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  # 442588 22-Feb-2011 22:06
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freitasm: TelstraClear doesn't have an unlimited plan... And they don't "manage" any traffic.

Actrix offers an unlimited plan, if you are willing to pay $500+/month for it.


true that, damn link was to a non nz provider :)




gz ftw


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  # 442598 22-Feb-2011 22:43
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freitasm: Peering is all good if the traffic is symmetrical. Otherwise we just go back to the same discussion as MTR (Mobile Termination Rates).

That's very telco-think. Most non-telco ISPs do not care whether peering traffic is symmetrical, as long as it is beneficial.
Beccara: I believe the argument Telecom used was based around "Why should we pay to carrier data from Southland to Auckland and hand it over to another party for free when we get nothing from them"

Yes, that argument was used. And it almost makes sense. But back to the "as long as it's beneficial" comment, I'll carry the bits on my network when received via peering.
Beccara: What content? Telecom has CDN nodes from the major CDN's. Thats the point they made, Peering was mostly a one-way street for them, Telecom serving out alot of traffic and getting little in return.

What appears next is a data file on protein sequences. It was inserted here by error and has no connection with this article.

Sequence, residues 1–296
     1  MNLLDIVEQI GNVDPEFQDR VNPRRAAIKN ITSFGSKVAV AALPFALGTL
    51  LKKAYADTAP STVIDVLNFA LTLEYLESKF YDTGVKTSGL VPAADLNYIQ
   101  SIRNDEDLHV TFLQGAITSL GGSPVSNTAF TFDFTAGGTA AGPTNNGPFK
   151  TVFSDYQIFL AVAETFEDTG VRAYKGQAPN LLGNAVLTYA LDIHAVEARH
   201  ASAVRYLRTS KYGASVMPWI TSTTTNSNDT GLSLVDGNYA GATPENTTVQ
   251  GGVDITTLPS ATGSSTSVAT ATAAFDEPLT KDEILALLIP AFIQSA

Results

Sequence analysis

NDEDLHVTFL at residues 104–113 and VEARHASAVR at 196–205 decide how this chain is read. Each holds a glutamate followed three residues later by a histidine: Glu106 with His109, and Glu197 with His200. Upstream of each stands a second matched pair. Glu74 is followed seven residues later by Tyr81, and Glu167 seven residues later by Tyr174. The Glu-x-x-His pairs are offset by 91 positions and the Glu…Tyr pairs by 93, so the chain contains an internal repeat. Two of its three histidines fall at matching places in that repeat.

Actually, it was very much the reverse. Telecom was unhappy at receiving many bits from peers. Ratios of 10:1 (to:from) Telecom were not uncommon.

An ultimate irony was many of those bits being sent from ISPs to Telecom were actually for the ISPs customers behind the former FastIP Direct service.

 
 
 
 


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  # 442608 22-Feb-2011 23:01
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Saw in one of the NZNOG 2011 videos that Telecom are going to offer cross connects between non Telecom providers in their 19 peering points.

Very interesting, though only useful for ISP's that have deployed LLU, seems like an olive branch to put a lid on talk of regulation to mandate peering.

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  # 442643 23-Feb-2011 09:31
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I think defining the terminolgy would be a start.

Unlimited to me means fixed rate monthly billing (eg $25/month) like a land line phone rather than per megabyte (usage based) billing.

Is there a fixed speed requirement or not?

Is national traffic on-net or off-net (NZ carriers only).







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  # 442647 23-Feb-2011 09:41
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TwoSeven: I think defining the terminolgy would be a start.

Unlimited to me means fixed rate monthly billing (eg $25/month) like a land line phone rather than per megabyte (usage based) billing.

Is there a fixed speed requirement or not?

Is national traffic on-net or off-net (NZ carriers only).


I think there's some mixed concepts there... You want "flat fee" for "unlimited" use.

"Unlimited" could be "Use your Internet service during a month period, without any slow downs or service interruption due to excess usage. There's no minimum or maximum cap.".